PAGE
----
Speaking of sharing, use open-graph tags to optimize how your content is shared on social networks. For example – when someone shares a link Facebook will automatically pull the meta-tag title and description along with an image from the page. But if use open-graph tags you can be in control of the exact content and image that gets shared.

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The more of your content that gets shared, the higher you’ll rank on search engines – so you should consider creating content that is more likely to be shared.  But instead of another social media give-away, consider an original shareable marketing campaign that is unique to your brand. Write blogs posts about subjects that people want to tell their friends about. And remember, people love to share visual media such as pictures, videos, and info-graphics.

Shares matter, and so does the influence of the people who are sharing. Again, identify influencers and work with them to cross-share. Think about having guest authors on your blog, and connect with journalists.

Of course, SEO is not a one-and-done type of project – it’s on ongoing process that requires constant monitoring. Changes you make are not immediate – they take time. Stick to it and keep optimizing!  (For optimization information and resources with Bing Ads, see Search Advertising Ad Optimization).

Thanks for reading, and we hope you found this useful for your business. Stay tuned for more search advice on the Bing Business blog!


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Using Social Media for Customer Acquisition and Service - Insight from SMX

Customers are the focus of business – and this afternoon at SMX Social Marketing in Las Vegas. The emphasis was on social media and its role in customer acquisition and customer service.

SMX_Mark Twain_Edit


We received some good advice from Mark Marin with Plink, Drew Conrad from Zagg, and Mariana Rodriguez from Beeby Clark+Meyler.

First, if you require your customers to sign up to use your service, consider allowing them to sign up without within a Facebook application. Every time a potential customer moves from one site to another you’ll lose sign-ups. And for most people Facebook is a trusted brand… while yours may be new to them.

A second suggestion is for companies who count on email to drive sales. If customer email addresses lead to revenue then you can use social media campaigns to grow your subscription list. For example you might launch a give-away on Facebook where users signup for email subscriptions to enter to win.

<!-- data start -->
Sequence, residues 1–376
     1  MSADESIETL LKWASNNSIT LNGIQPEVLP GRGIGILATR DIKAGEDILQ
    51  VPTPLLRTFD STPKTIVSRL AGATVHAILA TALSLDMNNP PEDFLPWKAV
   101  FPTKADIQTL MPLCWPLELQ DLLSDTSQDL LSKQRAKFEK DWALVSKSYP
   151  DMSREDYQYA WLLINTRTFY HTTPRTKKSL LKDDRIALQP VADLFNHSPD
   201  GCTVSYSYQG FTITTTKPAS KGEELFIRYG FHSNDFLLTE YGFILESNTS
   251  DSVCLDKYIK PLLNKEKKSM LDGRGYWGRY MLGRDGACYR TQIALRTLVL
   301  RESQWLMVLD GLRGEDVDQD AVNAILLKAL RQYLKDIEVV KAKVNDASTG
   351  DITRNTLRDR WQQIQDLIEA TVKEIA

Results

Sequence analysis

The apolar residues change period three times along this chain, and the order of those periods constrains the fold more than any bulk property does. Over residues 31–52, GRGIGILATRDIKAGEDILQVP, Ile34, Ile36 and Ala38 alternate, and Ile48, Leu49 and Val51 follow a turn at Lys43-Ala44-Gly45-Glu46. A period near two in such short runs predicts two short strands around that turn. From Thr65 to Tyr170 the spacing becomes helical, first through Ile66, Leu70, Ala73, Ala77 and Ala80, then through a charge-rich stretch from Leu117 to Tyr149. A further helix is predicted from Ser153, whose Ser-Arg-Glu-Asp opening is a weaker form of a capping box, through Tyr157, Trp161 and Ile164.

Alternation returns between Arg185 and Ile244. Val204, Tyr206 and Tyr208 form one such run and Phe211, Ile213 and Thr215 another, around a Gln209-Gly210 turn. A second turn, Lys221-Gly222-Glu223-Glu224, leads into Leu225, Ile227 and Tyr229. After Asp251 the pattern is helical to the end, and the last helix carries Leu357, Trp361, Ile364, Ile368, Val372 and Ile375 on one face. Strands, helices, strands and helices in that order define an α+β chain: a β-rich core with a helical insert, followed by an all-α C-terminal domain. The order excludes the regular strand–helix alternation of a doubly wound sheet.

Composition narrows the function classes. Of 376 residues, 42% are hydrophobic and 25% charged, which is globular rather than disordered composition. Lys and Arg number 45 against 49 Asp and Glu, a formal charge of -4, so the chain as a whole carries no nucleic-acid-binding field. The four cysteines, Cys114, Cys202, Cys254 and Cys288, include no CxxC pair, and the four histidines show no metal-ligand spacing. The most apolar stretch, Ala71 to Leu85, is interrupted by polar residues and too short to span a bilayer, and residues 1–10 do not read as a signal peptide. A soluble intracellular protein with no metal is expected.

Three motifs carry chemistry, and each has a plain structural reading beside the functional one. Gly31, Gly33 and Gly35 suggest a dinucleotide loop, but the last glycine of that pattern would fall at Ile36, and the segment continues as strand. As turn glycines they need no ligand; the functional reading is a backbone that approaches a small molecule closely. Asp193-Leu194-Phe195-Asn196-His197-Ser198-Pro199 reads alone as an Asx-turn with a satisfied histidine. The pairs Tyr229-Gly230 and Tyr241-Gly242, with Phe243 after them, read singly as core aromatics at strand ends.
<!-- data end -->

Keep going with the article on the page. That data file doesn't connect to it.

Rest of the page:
Finally, social media can be used to raise the quality of the customers you acquire. In a case study presented byRodriguez, an entertainment company found that online orders coming from Facebook referrals were 21% larger than normal orders.

(Speaking of numbers, I’m looking forward to tomorrow’s session about measuring social media’s success and ROI. If it’s as interesting as I hope it will be then expect another post on that topic!)


A subsequent session discussed the role of social media in customer service, featuring moderator Danny Sullivan, and panelists Daniel Lemin of Social Studio, Greg Kihlstrom of Carousel30, and Lisa Grimm of space150.  As one presenter stated, "it’s simple - to provide service you have to be where your customers are. If your customers are on social media then you should be, too."

Lemin outlined the following customer service strategy via social media:

  1. Listen. Use the social media tools that are available to find where people are having conversations about you.

  2. Engage and respond. Even if you don’t know how to answer their question, let them know you are working on it (hence the Mark Twain quote above). Politeness and promptness goes a long way to satiate a dissatisfied customer. And there are a number of social media tools available to help you manage your responses.

  3. Find insights. Look at the features or products that are having issues. Look at the time of day or geographic location of the issues. Use the data from your customer service to provide actionable insights for your business.

What strategy should you use if your company uses social media not just for customer service, but also for marketing and public relations?

Kihlstrom suggests this potential problem can be turned into an advantage. For example, responding quickly to customer service requests can impress potential new customers. And those marketing campaigns that are targeting new customers will reach those existing customers that are receiving service.